How to Start a Chapter
It could be argued your first chapter is your most important one for what I assume are obvious reasons. After all, this is how your reader is going to judge your book and decide if they continue reading or toss it onto the midden heap of the DNF pile. Thus, you might be wondering how to start a chapter.
If you’re a writer who’s looking to traditionally publish and seeking an agent or publisher—those first ten pages (give or take) are absolutely crucial to getting their attention amongst the thousands of submissions they receive every month. It’s tough out there, friends.
I can’t stress enough that your first pages need to stand all on their own. Telling someone “but it gets good later” simply won’t cut it.
You need to cram action, character, plot, emotion, and motivation into those first pages or you’re going to lose your reader (or that agent or publisher). And you don’t get a second chance.
Scared yet? Good, you should be.
I kid. I’m here to help you through this. Fear not, it’s not as hard as it seems.
How to start a chapter: start in the right place
One of the biggest mistakes new writers make is not starting their story in the “right place.” But what does that mean?
Simply put, your story should start as close to the inciting incident as possible.
Don’t delve into pages of backstory or world building. Don’t give us a ton of details about a bunch of random people. Resist the urge to write pages of exposition explaining the lore and history of your world.
Don’t draw out the setup of your story for too long.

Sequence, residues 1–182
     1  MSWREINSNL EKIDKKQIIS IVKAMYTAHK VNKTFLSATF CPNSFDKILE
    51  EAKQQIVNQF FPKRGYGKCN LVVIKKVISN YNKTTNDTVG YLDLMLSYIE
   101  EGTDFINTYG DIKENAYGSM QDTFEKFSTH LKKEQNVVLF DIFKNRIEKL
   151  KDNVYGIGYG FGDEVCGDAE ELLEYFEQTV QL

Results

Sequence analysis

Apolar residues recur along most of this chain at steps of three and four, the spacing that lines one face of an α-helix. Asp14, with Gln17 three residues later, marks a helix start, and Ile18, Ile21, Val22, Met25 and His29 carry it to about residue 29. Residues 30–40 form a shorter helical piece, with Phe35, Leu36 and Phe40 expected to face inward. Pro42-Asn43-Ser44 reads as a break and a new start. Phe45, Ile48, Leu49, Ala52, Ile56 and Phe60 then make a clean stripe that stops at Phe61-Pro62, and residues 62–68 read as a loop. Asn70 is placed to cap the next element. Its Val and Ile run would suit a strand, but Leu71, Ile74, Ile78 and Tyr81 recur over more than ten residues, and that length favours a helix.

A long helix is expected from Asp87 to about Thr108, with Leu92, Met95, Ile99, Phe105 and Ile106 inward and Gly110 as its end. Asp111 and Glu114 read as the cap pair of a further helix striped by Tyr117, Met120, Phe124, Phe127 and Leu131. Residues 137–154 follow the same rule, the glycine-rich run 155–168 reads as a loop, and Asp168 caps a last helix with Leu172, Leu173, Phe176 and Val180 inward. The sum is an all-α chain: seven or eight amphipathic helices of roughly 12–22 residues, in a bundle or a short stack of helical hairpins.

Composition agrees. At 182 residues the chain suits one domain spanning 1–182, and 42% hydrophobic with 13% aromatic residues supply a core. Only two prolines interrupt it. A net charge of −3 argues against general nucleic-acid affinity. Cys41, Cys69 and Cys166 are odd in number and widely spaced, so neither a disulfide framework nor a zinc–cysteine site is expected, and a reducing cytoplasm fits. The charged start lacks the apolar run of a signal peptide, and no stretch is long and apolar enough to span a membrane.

Why not? You haven’t made the reader care enough about any of these things yet to go that deep. You can get to the eleven factions of warrior clans and the seventeen levels of your underworld later. I promise.
Your first chapter should make it absolutely clear who your protagonist is. If theirs isn’t the first thought or the first line of your book, consider if that’s the right way to start. Then you need to get them to the moment that kicks off your story quickly. I don’t want to say your inciting incident needs to happen in your first chapter (it doesn’t necessarily) but you need to be moving towards it with purpose.
How to start an opening chapter: things to avoid
Look, there are a lot of things people will tell you not to do when you’re writing a book. And usually, they’re wrong. There are so many ways to write a story that one person’s best advice is exactly the thing another person will answer when they’re famous and someone asks them, “What’s the worst piece of writing advice you ever received?”
Having said that, there are a few things you might want to avoid when starting your novel:
- Talking about the weather, the sky, or the landscape. This has been done to death and rarely makes for a compelling opening. Also, it’s rarely about your protagonist.
- Having your character wake up. It feels natural to start a story at the beginning of the day. I get it. But a character that gets out of bed and goes to look in the mirror before you then describe their appearance is considered a bit cliché.
- Having your character on an airplane. I don’t know why this happens so much, but this too is also considered a bit cliché. Same goes for a car. I don’t know. Transportation is trite, I guess.
- Starting with a dream sequence. Few things are more irritating to readers than some fantastical scene happening only to be told none of it is real… also, dream sequences are boring (okay, this might be my personal opinion, but I’m the one writing this post so I get to say it.)
Does it mean that these types of beginnings can’t work? Absolutely not. In fact, the book Falling by TJ Newman starts with a dream sequence, someone waking up and a plane flight and the author was paid seven figures at auction for it. Rules, as they say, are sometimes made to be broken.
So yes, they can work, but these types of openings have been seen so many times that there will be readers, agents, and publishers who immediately groan and shove your book off their desk. Metaphorically, of course.
If you go in any of these directions, consider how you can put a spin on it so it doesn’t feel like the same old thing.